Xi mentioned oil cooperation as key.
“In 2017, the UAE awarded Chinese companies a combined 12% stake in Abu Dhabi’s onshore oil concession, the first time for China to acquire stakes in upstream cooperation in an oil-producing country in the Middle East. In March 2018, the UAE awarded a Chinese entity another 10% stake in each of the two offshore concessions in Abu Dhabi,” said Xi.
On industry, he said the Khalifa Port Container Terminal Two, a project jointly built and operated by Chinese and UAE companies with a designed annual capacity of 2.4 million TEUs, will be up and running in the first quarter of 2019.
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The China-UAE Industrial Capacity Cooperation Demonstration Zone located in the Khalifa Industrial Zone has made good progress. As things stand now, 16 enterprises have signed letters of intent with a committed investment of $954.2 million
The 700-MW Concentrated Solar Power (CSP), a China-UAE joint project, is under construction in Dubai and is slated to be the world’s largest and most advanced solar thermal power plant.
“The Hassyan Clean Coal Power Plant, the first Middle East project financed by the Silk Road Fund, will be the first clean coal plant in the region upon completion,” said Xi.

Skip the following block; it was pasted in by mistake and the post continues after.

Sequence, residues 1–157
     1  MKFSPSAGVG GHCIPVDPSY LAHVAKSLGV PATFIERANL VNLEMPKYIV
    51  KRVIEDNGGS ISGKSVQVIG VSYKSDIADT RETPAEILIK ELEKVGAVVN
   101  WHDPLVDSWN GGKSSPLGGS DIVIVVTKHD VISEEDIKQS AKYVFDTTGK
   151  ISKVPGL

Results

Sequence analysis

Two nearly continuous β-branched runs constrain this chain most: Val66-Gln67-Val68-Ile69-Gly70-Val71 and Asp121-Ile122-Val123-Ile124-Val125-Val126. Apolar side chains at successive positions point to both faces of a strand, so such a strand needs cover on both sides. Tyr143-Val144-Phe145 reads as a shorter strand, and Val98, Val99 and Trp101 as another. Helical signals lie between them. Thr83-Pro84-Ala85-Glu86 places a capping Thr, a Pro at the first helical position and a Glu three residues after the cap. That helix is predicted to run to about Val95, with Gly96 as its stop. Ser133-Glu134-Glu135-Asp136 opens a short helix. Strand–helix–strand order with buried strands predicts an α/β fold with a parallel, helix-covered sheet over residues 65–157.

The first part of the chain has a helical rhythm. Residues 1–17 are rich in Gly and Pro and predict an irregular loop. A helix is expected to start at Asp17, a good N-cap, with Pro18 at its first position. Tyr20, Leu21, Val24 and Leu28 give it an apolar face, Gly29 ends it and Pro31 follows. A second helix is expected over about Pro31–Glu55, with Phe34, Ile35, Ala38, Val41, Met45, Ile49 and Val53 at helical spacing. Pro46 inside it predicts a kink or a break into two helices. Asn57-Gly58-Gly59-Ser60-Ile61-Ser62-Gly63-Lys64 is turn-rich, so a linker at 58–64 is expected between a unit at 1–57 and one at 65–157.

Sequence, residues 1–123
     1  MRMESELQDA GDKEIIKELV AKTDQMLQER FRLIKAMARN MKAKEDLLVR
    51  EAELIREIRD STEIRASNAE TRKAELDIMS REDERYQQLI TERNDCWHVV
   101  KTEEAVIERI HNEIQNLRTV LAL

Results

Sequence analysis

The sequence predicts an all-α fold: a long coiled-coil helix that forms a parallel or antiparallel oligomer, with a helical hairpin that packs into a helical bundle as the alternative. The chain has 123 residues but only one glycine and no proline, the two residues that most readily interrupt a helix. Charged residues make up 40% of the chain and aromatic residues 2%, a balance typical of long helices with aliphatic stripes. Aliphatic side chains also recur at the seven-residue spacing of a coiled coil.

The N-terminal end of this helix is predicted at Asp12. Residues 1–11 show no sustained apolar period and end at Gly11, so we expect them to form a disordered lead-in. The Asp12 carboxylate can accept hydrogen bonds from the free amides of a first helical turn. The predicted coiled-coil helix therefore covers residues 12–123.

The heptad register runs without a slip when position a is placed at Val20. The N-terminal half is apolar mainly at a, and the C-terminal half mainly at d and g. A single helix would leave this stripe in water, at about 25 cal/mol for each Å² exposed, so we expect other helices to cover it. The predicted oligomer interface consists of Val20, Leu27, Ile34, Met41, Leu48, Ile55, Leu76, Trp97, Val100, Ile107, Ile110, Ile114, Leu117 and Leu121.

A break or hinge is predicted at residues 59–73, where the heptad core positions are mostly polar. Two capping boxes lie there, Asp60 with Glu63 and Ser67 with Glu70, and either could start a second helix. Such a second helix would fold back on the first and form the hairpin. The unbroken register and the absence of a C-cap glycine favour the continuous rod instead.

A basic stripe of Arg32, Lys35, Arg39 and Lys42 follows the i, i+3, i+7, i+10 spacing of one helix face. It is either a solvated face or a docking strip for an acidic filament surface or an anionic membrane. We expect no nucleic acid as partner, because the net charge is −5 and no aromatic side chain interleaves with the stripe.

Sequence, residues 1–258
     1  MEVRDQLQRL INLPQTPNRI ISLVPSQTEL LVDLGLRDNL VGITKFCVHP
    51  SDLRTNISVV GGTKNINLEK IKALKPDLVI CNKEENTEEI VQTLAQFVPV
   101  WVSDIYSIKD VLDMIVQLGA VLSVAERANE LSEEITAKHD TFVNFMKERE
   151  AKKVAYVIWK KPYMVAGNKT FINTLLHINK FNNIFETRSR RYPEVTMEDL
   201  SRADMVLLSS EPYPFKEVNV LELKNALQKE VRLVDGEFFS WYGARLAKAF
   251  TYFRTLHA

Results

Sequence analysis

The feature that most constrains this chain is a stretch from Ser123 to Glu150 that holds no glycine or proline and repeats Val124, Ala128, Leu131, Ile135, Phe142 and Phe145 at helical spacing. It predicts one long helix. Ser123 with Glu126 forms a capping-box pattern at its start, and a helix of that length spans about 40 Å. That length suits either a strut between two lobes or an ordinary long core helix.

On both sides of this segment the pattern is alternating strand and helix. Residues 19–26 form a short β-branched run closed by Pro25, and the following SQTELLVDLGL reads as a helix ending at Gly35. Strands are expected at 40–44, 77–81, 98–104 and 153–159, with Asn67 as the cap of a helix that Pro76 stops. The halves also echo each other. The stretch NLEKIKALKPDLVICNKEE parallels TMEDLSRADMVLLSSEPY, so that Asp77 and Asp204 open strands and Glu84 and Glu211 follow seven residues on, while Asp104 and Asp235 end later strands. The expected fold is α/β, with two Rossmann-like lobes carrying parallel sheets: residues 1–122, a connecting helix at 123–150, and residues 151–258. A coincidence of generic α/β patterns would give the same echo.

Financially, the China-UAE Joint Investment Fund has finalized its plans for investment in 12 projects valued at $1.07 billion.
China will also open a Chinese culture center in Abu Dhabi and will support and participate in Expo 2020 Dubai.
China wooing the Middle East
China will provide Arab states with $20 billion in loans for economic development, President Xi Jinping told top Arab officials recently, as Beijing seeks to build its influence in the Middle East and Africa.
The money will be earmarked for “projects that will produce good employment opportunities and positive social impact in Arab States that have reconstruction needs,” said Xi.
It is part of a special Chinese programme for “economic reconstruction” and “industrial revitalization,” Xi told participants at a China-Arab States forum in Beijing’s Great Hall of the People.
Beijing is also prepared to provide another $150 million to countries in the region to “build capacity for stability.
China would offer aid worth $15 million to Palestine to support economic development, besides providing a further $91 million to Jordan, Lebanon, Syria, and Yemen, he added.
He also announced that a consortium of banks from China and Arab nations, with a dedicated fund of $3 billion, will also be set up.
The Belt and Road initiative was announced in 2013 by Chinese president Xi Jinping, a sort of new-age restoration of the ancient silk road commerce route. The Route is a development project that will help connect China to the regions to its west, in Central Asia, the Middle East, and Europe.
According to the Belt and Road Action Plan released in 2015, the initiative will encompass land routes (the “Belt”) and maritime routes (the “Road”) with the goal of improving trade relationships in the region primarily through infrastructure investments.
With the Middle East factoring greatly in this project, the Chinese government cannot afford faltering infrastructure or political or economic unrest hindering their efforts.